By this time, Muddy was playing an electric guitar, purchased for him by his uncle Joe Grant. His simple, slashing bottleneck playing and virile singing became the centerpiece of a tough, loud young band. Rogers supported Muddy on guitar; “Baby Face Leroy” Foster sat in on drums; and Little Walter Jacobs – a hot-headed teenaged Louisiana transplant – was drafted to play harmonica after Rogers heard him performing at the open-air market on Maxwell Street. The band set up shop at the Zanzibar, a club at Ashland and 13th Street on Chicago’s South Side, where they started developing a following with their brazenly electrified sound.


In 1947, Muddy finally made his mark as a real recording artist. Then working as a driver for a Venetian blind company, he received a call from pianist Sunnyland Slim, who needed support for a session he was doing for Aristocrat Records, a new blues label run by Leonard and Phil Chess, two Polish immigrants who ran a South Side saloon, and their partner Evelyn Aron. A couple of tracks he recorded at Slim’s session were issued as an unsuccessful single, and a second session in 1948 went unreleased.


However, in April 1948, a Muddy Waters single hit pay dirt – the second time around. Using his electric guitar and backed by bassist Ernest “Big” Crawford, he re-recorded the songs he first cut at Lomax and Work’s field session; “I Be’s Troubled” became “I Can’t Be Satisfied,” and “Country Blues” became “Feel Like Going Home.” The single – a mix of sexual swagger and tremulous introspection – became an instant overnight hit. In Chicago, retailers couldn’t keep it in stock and rationed out copies, one per customer; Muddy was able to purchase just a single 78 disc for himself. It became a No. 11 hit on Billboard’s R&B chart.


            For the next two years, even as the Waters band continued to develop its bulky, hard-edged sound at the Zanzibar, the electric guitar-and-bass format served as the basic template for Muddy’s recordings for Aristocrat (which was rechristened Chess Records in 1950, after the Chesses bought out Aron). After the core of the live group – Muddy, Little Walter, and Baby Face Leroy – cut the ghostly, kinetic two-part “Rollin’ and Tumblin’” under Foster’s name for the small Parkway label, Chess chose to squelch the single with a remake featuring just Muddy and Big Crawford.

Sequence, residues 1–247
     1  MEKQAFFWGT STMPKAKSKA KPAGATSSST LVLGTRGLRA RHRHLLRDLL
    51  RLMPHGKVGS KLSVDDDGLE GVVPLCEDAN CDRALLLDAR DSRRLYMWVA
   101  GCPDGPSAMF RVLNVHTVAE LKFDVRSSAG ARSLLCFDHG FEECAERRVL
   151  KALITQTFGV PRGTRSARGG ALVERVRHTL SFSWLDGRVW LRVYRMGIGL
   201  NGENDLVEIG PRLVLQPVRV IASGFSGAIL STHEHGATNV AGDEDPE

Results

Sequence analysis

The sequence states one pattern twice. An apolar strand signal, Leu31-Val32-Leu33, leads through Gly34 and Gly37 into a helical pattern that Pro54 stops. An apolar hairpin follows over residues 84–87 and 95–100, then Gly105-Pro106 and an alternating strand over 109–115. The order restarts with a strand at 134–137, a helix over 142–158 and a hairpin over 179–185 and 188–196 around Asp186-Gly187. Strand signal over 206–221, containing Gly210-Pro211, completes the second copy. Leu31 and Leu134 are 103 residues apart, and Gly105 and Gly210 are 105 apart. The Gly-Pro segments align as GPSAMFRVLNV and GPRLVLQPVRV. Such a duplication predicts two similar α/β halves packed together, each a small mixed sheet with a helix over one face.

The full-blown electric sound finally began to creep into the marketplace with the 1951 hits “Louisiana Blues,” “Long Distance Call,” and “Honey Bee,” all of which featured either Rogers or Little Walter. In 1951-52, the band lineup solidified with the addition of Elga (a/k/a Elgin) Edmonds on drums and the gifted pianist Otis Spann (who remained a constant in Muddy’s band until his death in April 1970). While Walter would quit playing live regularly with Muddy after his instrumental “Juke” became a hit in 1952, he was often employed on his former boss’ studio sessions; Junior Wells and James Cotton frequently took the harp chair as well.


This was the group that defined the outline of electric Chicago blues from 1952 to 1956. The songs were bold and sexually in-your-face; the playing, charged by Muddy’s razor-flashing slide work and Walter’s boldly amplified harp, blazed new trails for blues power. Muddy’s top 10 R&B hits of this era – many of which became staples of the rock ‘n’ roll songbook in later years – included “I’m Your Hoochie Koochie Man,” “Just Make Love to Me” (also known as “I Just Want to Make Love to You”), “Mannish Boy” (a rewrite of Chess label mate Bo Diddley’s “I’m a Man”) “Trouble, No More,” and “Forty Days and Forty Nights.” One of Muddy’s most virile numbers, “I’m Ready,” would be used nearly 50 years later as part of a TV ad campaign for the sexual potency stimulant Viagra.


By the late ‘50s, Muddy Waters had established himself as one of the blues’ top stars – as a hometown star and major touring attraction -- and had helped put Chess on the map as one of America’s leading blues and R&B labels. (He’d aided the company immensely in 1955 when he pointed a young singer-guitarist from St. Louis to Chess, setting Chuck Berry on his path to stardom.) But tastes were changing, and the appetite for Muddy’s style of blues declined; he tallied his last chart single, “Close to You,” in late ’58. But events would serve to bring his music to a new audience.


In late 1958, Muddy was invited to embark on a tour of England by trad jazz bandleader Chris Barber. He and Spann performed several British dates; local journalists, expecting a more sedate variety of acoustic blues, assailed their electrified performances under headlines like “SCREAMING GUITAR AND HOWLING PIANO.” However, some of the young acolytes in the audience – Eric Burdon (later of The Animals), Eric Clapton (soon a member of The Yardbirds), and Cyril Davies and Alexis Koerner (whose Blues Incorporated would morph into The Rolling Stones) – paid close attention to this crackling, exotic sound. Ironically, Muddy responded to the criticism of his shows by performing acoustically during his next U.K. tour in 1963 – by which time popular music had entirely absorbed his electric style.